At Peso33.9bn, EBITDA was up 17.8 per cent relative to the same period a year before. The firm’s EBITDA margin came in at 41.7 per cent, holding firm in spite of the marketing expenses and opex associated with the launch and promotion of the carrier’s 3G services recently launched in nine countries (Argentina, Brazil, Chile, Colombia, El Salvador, Honduras, Mexico, Paraguay and Uruguay). Ovum perceives that the group is aiming to increase its contract customer base – especially with SMEs – and therefore increase its overall ARPU as customers spend more on non-voice services.

The company’s operating profits in the first quarter of this year totalled Peso23.8bn and represented just under 30 per cent of revenues.

America Movil is of course headed by Carlos Slim, who last March was judged as the “world’s second richest man” by Forbes magazine. Slim’s estimated fortune soared to $68bn.

Latin American regulators have not enjoyed watching the rich get richer. In August 2007, Eduardo Perez Motta, president of Mexico’s Federal Competition Commission, announced an investigation into the alleged market dominance of America Movil and its sister landline company Telcel. The regulator could use Mexico’s Federal Competition Law and Federal Telecommunications Law as the basis for forging an asymmetric regulatory scheme aimed at reducing the market control wielded by Slim’s telecommunications operations.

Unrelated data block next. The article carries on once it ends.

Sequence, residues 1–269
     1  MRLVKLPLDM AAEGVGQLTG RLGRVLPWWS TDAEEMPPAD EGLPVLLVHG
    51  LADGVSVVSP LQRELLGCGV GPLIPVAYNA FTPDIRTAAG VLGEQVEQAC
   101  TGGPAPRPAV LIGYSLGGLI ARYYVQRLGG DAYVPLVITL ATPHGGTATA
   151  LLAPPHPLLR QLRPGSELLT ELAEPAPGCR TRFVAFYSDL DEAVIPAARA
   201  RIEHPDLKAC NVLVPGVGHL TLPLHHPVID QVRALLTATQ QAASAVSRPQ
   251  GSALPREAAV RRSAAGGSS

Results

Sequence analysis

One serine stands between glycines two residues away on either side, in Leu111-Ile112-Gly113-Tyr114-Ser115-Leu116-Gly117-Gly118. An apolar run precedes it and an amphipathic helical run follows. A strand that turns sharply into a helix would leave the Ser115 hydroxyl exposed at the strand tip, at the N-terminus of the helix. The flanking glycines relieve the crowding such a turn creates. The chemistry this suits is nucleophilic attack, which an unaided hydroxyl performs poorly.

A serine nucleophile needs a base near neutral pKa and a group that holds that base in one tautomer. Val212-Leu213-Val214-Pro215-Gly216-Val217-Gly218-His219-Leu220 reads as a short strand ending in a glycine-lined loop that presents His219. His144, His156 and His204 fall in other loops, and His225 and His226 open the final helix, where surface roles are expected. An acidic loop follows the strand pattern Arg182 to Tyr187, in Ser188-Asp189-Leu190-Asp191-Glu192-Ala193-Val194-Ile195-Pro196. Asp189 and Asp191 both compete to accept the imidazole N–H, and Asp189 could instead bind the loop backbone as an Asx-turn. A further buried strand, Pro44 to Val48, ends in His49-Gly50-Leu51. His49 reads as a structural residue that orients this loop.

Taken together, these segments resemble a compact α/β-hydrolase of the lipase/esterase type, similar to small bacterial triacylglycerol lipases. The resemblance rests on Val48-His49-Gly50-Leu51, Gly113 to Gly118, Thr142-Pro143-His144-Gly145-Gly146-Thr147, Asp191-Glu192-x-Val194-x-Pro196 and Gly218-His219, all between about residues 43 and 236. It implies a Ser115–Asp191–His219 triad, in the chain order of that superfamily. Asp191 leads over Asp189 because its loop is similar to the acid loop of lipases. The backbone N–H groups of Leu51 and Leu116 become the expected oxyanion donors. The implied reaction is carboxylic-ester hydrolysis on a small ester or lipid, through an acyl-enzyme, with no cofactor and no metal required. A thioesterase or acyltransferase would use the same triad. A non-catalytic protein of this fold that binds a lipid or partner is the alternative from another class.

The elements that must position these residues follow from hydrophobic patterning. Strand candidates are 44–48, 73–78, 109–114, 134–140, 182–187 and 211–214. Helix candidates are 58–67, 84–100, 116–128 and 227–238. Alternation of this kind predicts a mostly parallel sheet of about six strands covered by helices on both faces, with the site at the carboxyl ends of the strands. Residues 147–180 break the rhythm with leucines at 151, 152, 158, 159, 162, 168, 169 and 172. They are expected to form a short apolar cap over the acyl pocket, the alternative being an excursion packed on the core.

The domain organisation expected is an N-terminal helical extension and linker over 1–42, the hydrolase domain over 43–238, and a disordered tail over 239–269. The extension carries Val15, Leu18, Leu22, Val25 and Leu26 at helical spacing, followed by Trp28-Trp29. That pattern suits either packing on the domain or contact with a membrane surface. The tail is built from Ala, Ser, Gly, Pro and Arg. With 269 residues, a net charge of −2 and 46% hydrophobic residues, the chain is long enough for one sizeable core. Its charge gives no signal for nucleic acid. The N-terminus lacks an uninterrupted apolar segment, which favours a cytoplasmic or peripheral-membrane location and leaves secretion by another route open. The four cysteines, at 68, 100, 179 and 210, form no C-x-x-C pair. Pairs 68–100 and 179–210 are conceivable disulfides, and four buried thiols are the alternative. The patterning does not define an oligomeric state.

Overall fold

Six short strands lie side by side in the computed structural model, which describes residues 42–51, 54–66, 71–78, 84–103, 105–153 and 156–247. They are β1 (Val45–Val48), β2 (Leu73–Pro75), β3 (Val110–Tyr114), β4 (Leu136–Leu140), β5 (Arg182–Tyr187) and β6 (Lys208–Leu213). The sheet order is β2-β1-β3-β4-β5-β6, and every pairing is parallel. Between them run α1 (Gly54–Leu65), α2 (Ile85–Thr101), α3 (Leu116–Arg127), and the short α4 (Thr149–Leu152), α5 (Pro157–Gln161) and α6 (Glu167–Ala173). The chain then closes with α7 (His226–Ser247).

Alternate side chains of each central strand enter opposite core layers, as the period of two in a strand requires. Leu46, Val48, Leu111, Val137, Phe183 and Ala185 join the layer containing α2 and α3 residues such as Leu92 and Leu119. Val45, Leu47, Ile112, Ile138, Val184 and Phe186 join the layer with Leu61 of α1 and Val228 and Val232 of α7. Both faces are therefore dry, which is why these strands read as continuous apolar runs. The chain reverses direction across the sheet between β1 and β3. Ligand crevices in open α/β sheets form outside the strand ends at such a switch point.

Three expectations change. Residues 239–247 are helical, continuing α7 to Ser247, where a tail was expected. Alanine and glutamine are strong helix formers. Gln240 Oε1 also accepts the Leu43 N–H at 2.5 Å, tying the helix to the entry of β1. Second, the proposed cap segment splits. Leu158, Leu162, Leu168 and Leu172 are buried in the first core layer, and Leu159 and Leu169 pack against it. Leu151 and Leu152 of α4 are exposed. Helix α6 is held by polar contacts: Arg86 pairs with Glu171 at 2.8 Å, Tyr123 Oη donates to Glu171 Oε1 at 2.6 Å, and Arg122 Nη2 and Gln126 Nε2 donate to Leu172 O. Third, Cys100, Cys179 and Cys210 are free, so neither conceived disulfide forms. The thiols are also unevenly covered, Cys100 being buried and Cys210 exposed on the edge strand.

America Movil faces a tough challenge in Ecuador. The regulator, Conatel, has rejected the carrier’s third offer to renew its mobile licence. The company, operating under the brand name Porta, will be offering mobile services until end of August.

“Conatel’s head Jaime Guerrero said that Porta’s economic offer was not convenient for the state, but the offer value was not disclosed yet,” Veiga told MCI. “We wonder how much Porta offered to pay for the renew of its mobile licence. Non-official sources say that the total offer was around $307m.” Ovum believes that the Ecuadorean government was expecting an offer around $550m as Movistar just paid $220m for the renew of its mobile licence in mid-April.

Further, regulators in Colombia announced fines in July 2007 for alleged price fixing by America Movil’s Comcel operation, which controls some 65 per cent of the market, and Telefonica’s Movistar. More problems lurk in Uruguay, where incumbent Antel has recently accused America Movil’s local unit, CTI Movil, of fraudulent commercial activity and misleading advertising related to an aggressive marketing campaign.

Presenting other conundrums for America Movil is Venezuelan President Hugo Chavez. Not only did he block the operator’s planned takeover of CANTV when he nationalised the telco, Chavez has also reportedly sent a team of telecommunications specialists to Nicaragua, where President Daniel Ortega is on board to create a mobile operator run by the two nations in competition against America Movil’s Claro-branded network, which is Nicaragua’s dominant operator.

In addition, America Movil faces renewed competition from Spain’s Telefonica, which acquired the Latin American assets of BellSouth for $5.9bn in 2004 and now derives 35 per cent of its revenue from its Latin American operations.

Vivo, Brazil’s top operator, owned by Telefonica and Portugal Telecom, agreed to buy regional providers Telemig and Amazonia Celular for around $600m. However, Vivo decided to sell Amazonia Celular to another Brazilian mobile operator, Oi. The deal would give Vivo a one-third market share in the country if approved by regulators and the judiciary.